Artist Jennifer Rubell sparked headlines and turned heads when her recent exhibit, “Ivanka Vacuuming,” opened on Feb. 1 in Washington, D.C. The interactive exhibit invites audience members to carelessly throw breadcrumbs on a strikingly pink floor, thus enticing an Ivanka Trump look-alike model to clean up the never-ending mess.
What first appears to be a simple interactive piece has quickly caught the attention of many critics, including Trump herself. Trump promptly responded to the attention-grabbing exhibit by writing on Twitter, as all Trumps do when they need to respond to hate, by stating “Women can choose to knock each other down or build each other up. I choose the latter.” While it is probable to interpret such a muddled exhibit to show Trump as nothing more than a household figure responsible for consistently cleaning up the never-ending mess of her father’s frightful presidency, Trump seems to interpret the work as an attack on her character. Trump’s response to such an exhibit is nothing less than hypocrisy, a characteristic so often shared in her family. The mindset of building women up is something that is hard to evoke under the Trump administration and its family. Ivanka, where was this empowering mindset when you supported the nomination of sexual predator Brett Kavanaugh? How about the time you stood by anti-abortionist and extremist Kim Reynolds for her bid as Governor of Iowa? Finally, how are you saying that you should build other women up when you were nothing more than a bystander to your father’s harassment towards former Fox News host Megyn Kelly after he said “she had blood coming out of her wherever?” Ivanka, I think that you choose to build other women up only when it benefits you and your family. Although this exhibit is certainly not one showing the empowerment of other women, it is also not your place to cry victim, something that seems to run in the family, any time an individual attempts to bring attention towards the hypocrisy in your family.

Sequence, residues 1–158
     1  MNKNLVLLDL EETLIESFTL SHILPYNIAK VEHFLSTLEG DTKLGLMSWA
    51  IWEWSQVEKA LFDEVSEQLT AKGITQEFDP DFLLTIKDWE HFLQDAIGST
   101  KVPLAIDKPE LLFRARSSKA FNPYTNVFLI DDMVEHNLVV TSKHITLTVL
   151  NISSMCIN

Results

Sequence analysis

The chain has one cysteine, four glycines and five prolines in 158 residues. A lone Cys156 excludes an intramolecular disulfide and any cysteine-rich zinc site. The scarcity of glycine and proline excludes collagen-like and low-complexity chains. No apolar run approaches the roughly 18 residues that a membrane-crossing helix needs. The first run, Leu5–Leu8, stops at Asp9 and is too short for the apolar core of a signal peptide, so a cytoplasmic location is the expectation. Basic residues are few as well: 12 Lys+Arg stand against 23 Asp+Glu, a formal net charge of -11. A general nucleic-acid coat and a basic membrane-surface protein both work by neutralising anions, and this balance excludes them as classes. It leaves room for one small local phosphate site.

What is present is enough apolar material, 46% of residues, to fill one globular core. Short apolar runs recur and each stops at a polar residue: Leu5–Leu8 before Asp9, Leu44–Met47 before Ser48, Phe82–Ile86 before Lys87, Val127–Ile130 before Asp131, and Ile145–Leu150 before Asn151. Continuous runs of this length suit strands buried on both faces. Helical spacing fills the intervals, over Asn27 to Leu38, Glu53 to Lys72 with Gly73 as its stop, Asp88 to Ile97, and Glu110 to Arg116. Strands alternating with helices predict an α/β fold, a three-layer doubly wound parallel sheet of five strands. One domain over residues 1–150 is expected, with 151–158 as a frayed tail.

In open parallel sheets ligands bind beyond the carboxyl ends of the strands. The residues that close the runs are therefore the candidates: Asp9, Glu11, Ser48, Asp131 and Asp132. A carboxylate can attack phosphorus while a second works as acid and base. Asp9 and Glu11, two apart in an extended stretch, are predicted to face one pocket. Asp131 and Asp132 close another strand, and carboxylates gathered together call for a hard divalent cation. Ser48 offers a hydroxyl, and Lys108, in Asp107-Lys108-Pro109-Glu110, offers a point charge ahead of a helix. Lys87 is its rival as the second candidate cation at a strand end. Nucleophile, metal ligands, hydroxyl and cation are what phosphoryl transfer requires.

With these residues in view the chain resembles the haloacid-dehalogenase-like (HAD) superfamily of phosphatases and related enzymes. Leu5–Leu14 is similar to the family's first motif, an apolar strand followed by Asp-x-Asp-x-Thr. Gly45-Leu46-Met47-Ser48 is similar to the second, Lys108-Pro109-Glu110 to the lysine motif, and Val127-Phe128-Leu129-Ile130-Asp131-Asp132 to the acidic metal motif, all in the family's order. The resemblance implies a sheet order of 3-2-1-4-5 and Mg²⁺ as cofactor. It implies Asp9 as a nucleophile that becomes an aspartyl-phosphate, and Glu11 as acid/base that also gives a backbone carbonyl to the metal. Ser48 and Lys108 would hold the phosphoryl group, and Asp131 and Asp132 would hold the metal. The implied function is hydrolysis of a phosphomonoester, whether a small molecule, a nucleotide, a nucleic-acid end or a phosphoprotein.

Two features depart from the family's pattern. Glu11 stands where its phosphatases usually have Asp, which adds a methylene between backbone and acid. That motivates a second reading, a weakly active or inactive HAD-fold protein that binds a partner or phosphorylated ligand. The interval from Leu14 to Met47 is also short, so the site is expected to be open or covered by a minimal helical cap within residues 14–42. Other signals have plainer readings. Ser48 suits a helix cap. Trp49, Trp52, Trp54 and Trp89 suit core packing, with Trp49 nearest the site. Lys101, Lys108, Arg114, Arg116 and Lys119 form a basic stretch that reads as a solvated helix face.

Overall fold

Ultimately, this interactive exhibit is anything but a transformative masterpiece. The simple, and almost nauseating, pink background coupled with the complicated message is anything but art. Rubbell’s piece offers a strong juxtaposition between the minimalist interaction and a convoluted message, making it unclear whether Trump is endlessly cleaning up the ruins of her father’s presidency, or if she is criticizing modern femininity. The overall muddled message has left more viewers confused than in awe, myself included.
The art exhibit is not a masterpiece or a stroke of brilliance; rather, it exemplifies what the Trumps do best: bring media attention to themselves. The Trump family’s ego is constantly fed with attention in the media, whether positive or negative. They find great pride in having people talk about them and feel as if it validates their lives in some way. While this exhibit fell tragically flat in the art-world, it is probably adored by the family for giving them another reason to be at the media’s begging. Overall, this lack of brilliance in art creates feelings that correlate to the current mood of the administration: hoping something good can come out of this situation, yet, at the end of the day, feeling disillusioned and just wanting it to end.